2018 Awards Finalists

The KiwiNet Awards celebrate heroes in research commercialisation — those individuals and organisations whose best practice approach is changing the innovation landscape in New Zealand. We congratulate the 2018 finalists!

Norman Barry Foundation Breakthrough Innovator Finalists

This award recognises an upcoming entrepreneurial researcher who is making outstanding contributions to business innovation or is creating innovative businesses in New Zealand through technology licencing, start-up creation or by providing expertise to support business innovation.

Dr Andrew Kralicek

Dr Andrew Kralicek

Plant & Food Research

Dr Andrew Kralicek – Plant & Food Research

Insect Receptor Sensors: Harnessing insects’ amazing powers of smell to revolutionize commercial sensing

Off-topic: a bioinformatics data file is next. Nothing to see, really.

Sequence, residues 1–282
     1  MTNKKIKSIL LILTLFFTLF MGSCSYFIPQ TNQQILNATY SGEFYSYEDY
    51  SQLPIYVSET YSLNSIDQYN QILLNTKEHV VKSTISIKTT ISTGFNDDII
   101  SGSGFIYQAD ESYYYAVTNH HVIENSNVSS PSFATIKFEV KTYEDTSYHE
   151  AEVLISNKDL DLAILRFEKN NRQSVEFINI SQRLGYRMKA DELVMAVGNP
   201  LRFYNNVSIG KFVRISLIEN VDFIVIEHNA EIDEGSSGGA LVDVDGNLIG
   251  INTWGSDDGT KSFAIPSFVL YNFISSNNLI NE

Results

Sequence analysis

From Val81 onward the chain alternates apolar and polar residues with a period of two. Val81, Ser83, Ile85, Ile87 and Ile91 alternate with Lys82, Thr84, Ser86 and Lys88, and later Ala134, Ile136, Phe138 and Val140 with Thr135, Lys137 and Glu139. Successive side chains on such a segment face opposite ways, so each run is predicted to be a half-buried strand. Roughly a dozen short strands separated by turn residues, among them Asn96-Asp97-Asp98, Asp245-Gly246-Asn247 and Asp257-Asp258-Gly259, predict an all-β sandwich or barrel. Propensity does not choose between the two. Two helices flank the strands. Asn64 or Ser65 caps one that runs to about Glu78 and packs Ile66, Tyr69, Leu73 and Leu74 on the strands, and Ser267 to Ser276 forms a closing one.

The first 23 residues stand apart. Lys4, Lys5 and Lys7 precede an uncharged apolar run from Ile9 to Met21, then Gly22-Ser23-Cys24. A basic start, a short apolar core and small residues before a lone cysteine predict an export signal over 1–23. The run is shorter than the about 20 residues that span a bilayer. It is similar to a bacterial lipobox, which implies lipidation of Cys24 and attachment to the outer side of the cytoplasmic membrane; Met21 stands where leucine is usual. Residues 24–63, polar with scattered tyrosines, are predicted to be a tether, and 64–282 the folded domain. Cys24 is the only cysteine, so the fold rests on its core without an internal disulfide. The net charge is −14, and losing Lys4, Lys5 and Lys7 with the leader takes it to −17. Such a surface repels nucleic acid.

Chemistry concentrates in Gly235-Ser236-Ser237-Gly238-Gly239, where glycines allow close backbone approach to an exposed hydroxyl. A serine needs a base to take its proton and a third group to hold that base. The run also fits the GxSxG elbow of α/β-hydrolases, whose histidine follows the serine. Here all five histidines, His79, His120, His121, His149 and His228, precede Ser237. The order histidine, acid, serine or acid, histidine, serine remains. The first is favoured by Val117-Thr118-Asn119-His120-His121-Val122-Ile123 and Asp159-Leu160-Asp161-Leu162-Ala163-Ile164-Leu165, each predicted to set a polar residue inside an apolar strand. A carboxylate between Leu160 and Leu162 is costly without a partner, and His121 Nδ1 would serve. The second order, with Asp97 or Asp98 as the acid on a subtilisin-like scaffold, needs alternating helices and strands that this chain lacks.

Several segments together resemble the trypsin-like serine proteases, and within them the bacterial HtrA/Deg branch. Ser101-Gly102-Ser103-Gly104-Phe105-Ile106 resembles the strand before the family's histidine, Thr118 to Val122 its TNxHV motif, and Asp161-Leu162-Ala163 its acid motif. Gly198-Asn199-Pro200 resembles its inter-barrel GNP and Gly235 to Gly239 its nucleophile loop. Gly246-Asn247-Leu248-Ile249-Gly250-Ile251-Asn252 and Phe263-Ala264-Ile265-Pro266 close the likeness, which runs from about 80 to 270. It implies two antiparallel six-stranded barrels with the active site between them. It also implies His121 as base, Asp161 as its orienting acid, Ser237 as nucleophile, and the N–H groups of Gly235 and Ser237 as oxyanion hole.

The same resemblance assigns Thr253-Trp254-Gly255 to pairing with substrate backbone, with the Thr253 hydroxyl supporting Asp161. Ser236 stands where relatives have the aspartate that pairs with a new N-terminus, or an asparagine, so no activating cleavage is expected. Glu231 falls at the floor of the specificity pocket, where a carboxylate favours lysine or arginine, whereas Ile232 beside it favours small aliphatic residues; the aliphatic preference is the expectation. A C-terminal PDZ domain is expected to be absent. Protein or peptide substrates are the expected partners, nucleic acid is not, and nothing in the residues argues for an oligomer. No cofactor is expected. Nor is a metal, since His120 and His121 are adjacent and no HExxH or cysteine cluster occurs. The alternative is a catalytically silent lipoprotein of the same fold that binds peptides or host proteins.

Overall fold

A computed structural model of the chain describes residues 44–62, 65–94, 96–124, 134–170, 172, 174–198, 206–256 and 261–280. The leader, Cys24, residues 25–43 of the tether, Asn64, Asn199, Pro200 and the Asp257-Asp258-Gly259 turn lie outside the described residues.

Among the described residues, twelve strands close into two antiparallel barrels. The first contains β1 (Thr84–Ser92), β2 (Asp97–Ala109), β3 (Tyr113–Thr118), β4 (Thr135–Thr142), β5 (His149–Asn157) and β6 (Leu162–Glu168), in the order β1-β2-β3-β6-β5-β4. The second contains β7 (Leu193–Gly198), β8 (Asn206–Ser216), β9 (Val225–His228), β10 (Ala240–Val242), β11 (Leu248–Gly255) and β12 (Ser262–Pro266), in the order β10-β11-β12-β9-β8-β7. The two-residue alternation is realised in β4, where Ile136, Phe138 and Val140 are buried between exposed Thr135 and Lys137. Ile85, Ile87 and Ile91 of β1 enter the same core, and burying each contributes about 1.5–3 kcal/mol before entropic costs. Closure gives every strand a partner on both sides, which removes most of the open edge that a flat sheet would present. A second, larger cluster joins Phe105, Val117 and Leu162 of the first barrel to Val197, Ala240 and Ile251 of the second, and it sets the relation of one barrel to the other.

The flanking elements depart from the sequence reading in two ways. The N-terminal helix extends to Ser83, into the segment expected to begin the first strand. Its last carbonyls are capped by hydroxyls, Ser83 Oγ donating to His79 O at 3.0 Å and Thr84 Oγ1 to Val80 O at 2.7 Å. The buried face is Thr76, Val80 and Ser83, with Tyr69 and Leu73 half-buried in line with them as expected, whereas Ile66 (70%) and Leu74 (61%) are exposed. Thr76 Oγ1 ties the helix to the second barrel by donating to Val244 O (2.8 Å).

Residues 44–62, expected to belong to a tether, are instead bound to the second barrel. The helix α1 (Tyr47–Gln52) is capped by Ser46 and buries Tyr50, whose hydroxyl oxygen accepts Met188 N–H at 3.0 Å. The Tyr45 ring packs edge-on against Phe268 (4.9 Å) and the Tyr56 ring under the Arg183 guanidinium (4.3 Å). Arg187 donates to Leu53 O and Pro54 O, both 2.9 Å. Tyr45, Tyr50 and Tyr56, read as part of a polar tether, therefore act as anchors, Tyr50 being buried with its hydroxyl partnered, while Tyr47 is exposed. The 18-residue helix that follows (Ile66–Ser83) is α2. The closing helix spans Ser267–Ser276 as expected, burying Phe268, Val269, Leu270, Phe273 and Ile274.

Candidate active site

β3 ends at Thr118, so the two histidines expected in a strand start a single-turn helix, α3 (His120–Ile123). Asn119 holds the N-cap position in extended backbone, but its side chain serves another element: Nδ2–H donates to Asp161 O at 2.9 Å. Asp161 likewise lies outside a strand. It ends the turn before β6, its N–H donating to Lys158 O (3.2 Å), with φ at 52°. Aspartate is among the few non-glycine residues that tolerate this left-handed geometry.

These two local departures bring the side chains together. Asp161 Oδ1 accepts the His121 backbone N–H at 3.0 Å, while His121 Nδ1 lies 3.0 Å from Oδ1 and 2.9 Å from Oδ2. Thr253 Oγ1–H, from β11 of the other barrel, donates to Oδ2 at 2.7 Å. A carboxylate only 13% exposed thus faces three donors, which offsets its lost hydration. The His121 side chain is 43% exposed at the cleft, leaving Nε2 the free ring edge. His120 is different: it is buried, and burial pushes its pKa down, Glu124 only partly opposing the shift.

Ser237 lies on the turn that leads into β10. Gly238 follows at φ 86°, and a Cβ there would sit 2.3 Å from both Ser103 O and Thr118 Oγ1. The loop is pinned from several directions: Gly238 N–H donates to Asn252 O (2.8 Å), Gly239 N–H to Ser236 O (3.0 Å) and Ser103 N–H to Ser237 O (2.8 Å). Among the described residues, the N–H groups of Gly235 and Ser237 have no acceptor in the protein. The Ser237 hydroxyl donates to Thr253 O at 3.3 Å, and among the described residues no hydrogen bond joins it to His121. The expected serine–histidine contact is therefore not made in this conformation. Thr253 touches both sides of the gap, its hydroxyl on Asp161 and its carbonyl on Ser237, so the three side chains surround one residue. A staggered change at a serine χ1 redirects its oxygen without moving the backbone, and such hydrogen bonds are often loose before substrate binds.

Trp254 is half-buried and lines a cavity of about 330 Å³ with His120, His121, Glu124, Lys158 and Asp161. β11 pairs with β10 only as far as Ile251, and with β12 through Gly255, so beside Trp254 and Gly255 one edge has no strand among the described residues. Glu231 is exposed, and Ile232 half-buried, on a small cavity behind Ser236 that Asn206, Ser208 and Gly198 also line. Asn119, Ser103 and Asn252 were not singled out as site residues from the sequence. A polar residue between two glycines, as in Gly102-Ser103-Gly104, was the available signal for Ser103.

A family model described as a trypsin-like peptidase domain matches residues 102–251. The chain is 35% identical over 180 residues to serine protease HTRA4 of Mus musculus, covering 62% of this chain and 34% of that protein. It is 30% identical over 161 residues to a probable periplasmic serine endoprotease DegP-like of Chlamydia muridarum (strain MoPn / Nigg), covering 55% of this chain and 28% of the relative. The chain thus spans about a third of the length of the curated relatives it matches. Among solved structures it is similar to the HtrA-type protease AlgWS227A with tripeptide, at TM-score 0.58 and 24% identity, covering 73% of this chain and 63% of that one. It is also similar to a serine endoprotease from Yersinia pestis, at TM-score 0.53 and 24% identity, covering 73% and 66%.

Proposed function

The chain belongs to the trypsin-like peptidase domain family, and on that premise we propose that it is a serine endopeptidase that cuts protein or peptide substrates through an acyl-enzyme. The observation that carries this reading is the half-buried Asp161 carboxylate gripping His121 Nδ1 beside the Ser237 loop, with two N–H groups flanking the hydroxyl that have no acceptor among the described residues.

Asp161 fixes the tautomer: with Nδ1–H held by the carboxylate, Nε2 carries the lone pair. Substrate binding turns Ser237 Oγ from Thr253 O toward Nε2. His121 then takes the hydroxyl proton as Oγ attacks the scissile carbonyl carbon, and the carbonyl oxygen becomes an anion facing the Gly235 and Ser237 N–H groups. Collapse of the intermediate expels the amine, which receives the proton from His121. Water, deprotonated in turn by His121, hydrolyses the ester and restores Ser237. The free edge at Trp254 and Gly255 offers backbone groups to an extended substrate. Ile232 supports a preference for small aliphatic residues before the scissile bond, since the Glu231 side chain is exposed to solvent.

Dr Andrew Kralicek, Team Leader of the Molecular Sensing Team at Plant & Food Research, has spent the last decade working out how to harness insects’ amazing sense of smell to revolutionise the world of electronic sensors.  His technological breakthrough led to the development of a proof of principle prototype showing that insect odorant receptors can be used for the detection of miniscule amounts of volatile compounds. Possible commercial applications range from human health, pest and disease detection, food quality and defence technologies.

Over the past three years, Dr Kralicek’s passion has been the commercialisation of his innovative new technology as a platform technology.  These efforts, backed by PreSeed accelerator investment, have seen Dr Kralicek engage with potential customers, collaborators, funders and advisers to better understand the commercial opportunities that could be captured by this novel device. Andrew was the first researcher selected for the KiwiNet Emerging Innovator Programme in 2015 for his 'biological electronic nose' sensor technology.